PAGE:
Safer opioid drugs could treat pain and save lives

December 5, 2017, American College of Neuropsychopharmacology

Opioid drugs are the most widely prescribed and effective type of pain medication. But they are highly addictive and have some unpleasant and potentially deadly side effects.

Now a group of researchers, led by Dr. Laura Bohn at The Scripps Research Institute, may have found a way to make opioids safer by separating the drugs' pain relieving effects from their most dangerous side effect, respiratory suppression, which, in very severe cases, causes patients to stop breathing and to die.

All drugs elicit their effects via a small group of protein , called . When an opioid drug binds to its receptor, the receptor is activated and kicks off a chain of reactions that relieve pain. However, the activated opioid receptor can also interact with other nearby signaling proteins, causing side effects such as nausea, sedation, constipation or, most seriously, respiratory suppression.

Dr. Bohn's team has identified several molecules considered to be "biased agonists" because they act at the opioid receptor to stimulate , but cause less stimulation of the pathway that leads to respiratory suppression. In preliminary studies using mice, the researchers found that the most promising of these compounds provided pain relief levels similar to morphine, but with significantly less respiratory suppression.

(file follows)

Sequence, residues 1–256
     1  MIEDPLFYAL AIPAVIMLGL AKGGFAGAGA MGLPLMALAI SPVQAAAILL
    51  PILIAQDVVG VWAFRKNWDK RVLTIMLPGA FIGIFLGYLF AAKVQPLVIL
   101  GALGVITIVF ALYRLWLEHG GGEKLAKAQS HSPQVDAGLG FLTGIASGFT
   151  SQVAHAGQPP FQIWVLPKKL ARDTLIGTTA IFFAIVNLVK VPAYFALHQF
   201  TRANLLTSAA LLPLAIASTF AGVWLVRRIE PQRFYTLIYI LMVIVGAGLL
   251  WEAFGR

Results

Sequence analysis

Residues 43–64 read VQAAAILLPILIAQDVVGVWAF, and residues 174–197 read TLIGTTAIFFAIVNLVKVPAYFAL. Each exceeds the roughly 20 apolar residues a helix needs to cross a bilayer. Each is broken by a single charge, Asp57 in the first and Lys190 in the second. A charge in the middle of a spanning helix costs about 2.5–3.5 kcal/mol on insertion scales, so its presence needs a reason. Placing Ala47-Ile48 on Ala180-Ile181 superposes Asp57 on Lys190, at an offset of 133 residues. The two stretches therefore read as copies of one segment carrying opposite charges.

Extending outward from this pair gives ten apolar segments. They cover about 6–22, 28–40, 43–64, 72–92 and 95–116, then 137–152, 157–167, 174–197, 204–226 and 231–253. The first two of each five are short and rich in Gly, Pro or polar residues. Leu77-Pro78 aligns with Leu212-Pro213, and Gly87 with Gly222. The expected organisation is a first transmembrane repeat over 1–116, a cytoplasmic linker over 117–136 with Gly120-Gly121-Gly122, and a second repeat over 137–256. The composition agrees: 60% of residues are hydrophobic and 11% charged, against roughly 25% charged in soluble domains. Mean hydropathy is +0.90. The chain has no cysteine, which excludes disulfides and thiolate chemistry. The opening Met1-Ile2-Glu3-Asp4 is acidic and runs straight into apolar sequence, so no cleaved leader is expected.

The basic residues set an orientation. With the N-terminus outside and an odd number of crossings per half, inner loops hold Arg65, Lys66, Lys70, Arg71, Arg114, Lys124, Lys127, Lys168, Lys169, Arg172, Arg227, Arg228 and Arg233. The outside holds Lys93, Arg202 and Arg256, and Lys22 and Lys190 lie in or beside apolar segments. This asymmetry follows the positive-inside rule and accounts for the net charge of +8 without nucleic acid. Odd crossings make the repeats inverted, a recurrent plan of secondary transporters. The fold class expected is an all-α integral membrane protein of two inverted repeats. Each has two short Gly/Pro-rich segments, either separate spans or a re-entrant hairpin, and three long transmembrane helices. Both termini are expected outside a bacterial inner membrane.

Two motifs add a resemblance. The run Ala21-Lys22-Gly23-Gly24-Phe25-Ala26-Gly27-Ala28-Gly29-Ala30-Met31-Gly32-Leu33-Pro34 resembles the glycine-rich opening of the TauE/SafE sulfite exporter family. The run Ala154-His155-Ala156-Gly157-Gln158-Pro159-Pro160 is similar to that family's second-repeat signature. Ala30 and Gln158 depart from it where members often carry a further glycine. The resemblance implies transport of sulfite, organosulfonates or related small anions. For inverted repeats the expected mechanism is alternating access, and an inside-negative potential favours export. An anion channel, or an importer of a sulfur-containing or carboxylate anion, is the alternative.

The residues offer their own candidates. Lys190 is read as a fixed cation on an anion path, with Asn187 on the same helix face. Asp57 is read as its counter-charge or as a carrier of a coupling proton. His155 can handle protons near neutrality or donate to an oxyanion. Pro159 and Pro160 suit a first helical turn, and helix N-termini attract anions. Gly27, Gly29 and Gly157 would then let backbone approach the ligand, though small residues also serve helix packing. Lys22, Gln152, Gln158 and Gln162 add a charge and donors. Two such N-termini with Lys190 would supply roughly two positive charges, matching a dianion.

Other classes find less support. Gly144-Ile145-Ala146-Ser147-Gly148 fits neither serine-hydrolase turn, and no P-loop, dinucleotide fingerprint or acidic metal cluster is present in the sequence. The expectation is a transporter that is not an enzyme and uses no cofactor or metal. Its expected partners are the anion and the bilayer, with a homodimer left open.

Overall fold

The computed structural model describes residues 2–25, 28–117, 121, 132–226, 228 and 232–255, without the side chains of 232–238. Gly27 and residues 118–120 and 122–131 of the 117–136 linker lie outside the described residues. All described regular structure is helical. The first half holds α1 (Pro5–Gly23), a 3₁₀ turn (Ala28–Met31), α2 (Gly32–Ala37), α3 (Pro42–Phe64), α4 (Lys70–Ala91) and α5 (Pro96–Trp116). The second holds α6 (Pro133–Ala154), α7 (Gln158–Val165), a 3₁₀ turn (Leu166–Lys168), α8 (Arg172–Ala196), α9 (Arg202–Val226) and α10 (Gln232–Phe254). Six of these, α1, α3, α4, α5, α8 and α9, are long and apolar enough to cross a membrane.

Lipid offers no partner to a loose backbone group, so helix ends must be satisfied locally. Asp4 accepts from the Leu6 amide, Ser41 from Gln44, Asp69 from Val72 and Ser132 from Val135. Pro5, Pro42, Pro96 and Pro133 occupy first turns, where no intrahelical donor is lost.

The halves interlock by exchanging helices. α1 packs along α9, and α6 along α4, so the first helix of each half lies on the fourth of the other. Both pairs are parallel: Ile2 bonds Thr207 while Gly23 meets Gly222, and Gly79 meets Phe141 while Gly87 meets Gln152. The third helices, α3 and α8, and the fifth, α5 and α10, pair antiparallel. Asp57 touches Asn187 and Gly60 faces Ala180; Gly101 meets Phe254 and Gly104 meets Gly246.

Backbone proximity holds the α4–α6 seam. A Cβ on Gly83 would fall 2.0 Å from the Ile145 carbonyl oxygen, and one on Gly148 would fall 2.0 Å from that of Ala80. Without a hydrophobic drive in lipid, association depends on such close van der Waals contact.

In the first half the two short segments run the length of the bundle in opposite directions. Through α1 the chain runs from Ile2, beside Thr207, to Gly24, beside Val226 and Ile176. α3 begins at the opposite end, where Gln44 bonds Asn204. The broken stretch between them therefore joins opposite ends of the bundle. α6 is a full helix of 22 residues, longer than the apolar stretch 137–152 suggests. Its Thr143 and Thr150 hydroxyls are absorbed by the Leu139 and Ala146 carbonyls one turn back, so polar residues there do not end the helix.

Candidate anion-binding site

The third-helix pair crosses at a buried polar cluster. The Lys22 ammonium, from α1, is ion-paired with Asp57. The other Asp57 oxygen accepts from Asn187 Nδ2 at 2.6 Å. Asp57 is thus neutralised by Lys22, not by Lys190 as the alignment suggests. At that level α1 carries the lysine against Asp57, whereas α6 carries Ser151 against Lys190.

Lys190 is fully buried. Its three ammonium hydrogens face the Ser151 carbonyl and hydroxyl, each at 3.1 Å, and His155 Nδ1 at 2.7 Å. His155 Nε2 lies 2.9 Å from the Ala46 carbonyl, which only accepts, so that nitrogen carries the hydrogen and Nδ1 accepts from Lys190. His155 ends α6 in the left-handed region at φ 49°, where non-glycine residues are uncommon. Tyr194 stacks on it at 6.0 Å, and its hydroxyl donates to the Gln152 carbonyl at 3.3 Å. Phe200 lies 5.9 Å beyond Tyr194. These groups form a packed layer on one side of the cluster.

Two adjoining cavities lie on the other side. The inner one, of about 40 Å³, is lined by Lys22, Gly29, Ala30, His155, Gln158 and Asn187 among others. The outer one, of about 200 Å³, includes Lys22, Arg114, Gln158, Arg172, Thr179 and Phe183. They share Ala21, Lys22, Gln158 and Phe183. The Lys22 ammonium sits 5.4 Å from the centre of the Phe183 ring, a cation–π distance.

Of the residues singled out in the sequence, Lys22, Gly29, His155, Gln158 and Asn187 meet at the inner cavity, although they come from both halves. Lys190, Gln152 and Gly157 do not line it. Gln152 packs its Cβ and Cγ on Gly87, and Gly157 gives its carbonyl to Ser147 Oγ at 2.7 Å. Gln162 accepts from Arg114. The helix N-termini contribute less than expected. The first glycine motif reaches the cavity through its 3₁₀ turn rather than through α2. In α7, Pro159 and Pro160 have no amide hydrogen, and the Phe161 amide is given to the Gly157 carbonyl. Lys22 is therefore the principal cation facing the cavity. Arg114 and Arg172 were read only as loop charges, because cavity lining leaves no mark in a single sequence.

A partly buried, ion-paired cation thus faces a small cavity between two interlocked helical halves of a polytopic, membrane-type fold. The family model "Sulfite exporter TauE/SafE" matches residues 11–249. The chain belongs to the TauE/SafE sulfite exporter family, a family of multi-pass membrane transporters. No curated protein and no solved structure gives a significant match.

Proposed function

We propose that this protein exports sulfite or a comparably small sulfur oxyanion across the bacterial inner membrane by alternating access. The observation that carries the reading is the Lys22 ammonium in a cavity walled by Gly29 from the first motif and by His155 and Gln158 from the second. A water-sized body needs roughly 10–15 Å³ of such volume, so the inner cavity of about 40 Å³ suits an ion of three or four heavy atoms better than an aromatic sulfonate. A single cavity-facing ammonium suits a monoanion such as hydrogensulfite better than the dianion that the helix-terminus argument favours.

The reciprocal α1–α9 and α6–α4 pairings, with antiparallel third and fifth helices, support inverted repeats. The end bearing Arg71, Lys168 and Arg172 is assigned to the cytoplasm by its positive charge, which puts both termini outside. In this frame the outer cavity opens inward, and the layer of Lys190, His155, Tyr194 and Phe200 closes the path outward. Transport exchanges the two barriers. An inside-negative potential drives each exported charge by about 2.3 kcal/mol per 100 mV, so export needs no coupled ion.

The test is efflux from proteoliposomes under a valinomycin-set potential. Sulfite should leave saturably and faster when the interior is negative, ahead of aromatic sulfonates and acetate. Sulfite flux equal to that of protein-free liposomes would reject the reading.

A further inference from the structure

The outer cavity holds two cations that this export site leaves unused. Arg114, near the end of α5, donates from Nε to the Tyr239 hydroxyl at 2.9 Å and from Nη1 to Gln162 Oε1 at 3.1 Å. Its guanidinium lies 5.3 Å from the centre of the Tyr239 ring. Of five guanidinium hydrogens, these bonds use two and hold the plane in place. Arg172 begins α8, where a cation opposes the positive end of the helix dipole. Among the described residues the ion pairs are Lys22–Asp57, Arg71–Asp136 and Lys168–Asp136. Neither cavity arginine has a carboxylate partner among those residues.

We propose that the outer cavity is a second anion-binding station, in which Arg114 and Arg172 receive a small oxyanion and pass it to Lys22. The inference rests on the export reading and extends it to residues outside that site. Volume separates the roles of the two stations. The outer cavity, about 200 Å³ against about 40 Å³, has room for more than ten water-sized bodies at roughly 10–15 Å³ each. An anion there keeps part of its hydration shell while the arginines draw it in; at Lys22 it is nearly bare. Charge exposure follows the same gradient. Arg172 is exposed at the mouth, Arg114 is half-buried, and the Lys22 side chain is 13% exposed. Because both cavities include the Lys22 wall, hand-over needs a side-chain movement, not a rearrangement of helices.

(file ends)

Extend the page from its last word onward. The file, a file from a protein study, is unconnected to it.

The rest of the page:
Such opioids could help patients and doctors deal with drug tolerance, a frequent complication in which, over time, patients lose sensitivity to the pain-blocking properties of opioids and require higher doses to treat their . While biased agonists may be able to be used more safely at higher doses than other opioids, it remains to be seen how other side effect profiles will be affected.

One compound identified as a biased agonist—from the company Trevena—is already showing promising results as it makes its way through clinical trials, and the researchers hope that new compounds with stronger biases will yield even better results.

The recent epidemic of opioid-related deaths has been driven primarily by use of illegally made . However, are playing a significant role in the epidemic. As opioid overdose deaths are mostly due to respiratory suppression, safer prescription opioids, such as those being developed by Dr. Bohn, could also ultimately decrease the number of deaths caused by abusing prescription opioids.

Explore further: Separating side effects could hold key for safer opioids

Related Stories

Separating side effects could hold key for safer opioids

November 16, 2017
Opioid pain relievers can be extremely effective in relieving pain, but can carry a high risk of addiction and ultimately overdose when breathing is suppressed and stops. Scientists have discovered a way to separate these ...

New painkillers reduce overdose risk

November 16, 2017
Scientists on the Florida campus of The Scripps Research Institute (TSRI) have developed new opioid pain relievers that reduce pain on par with morphine but do not slow or stop breathing—the cause of opiate overdose.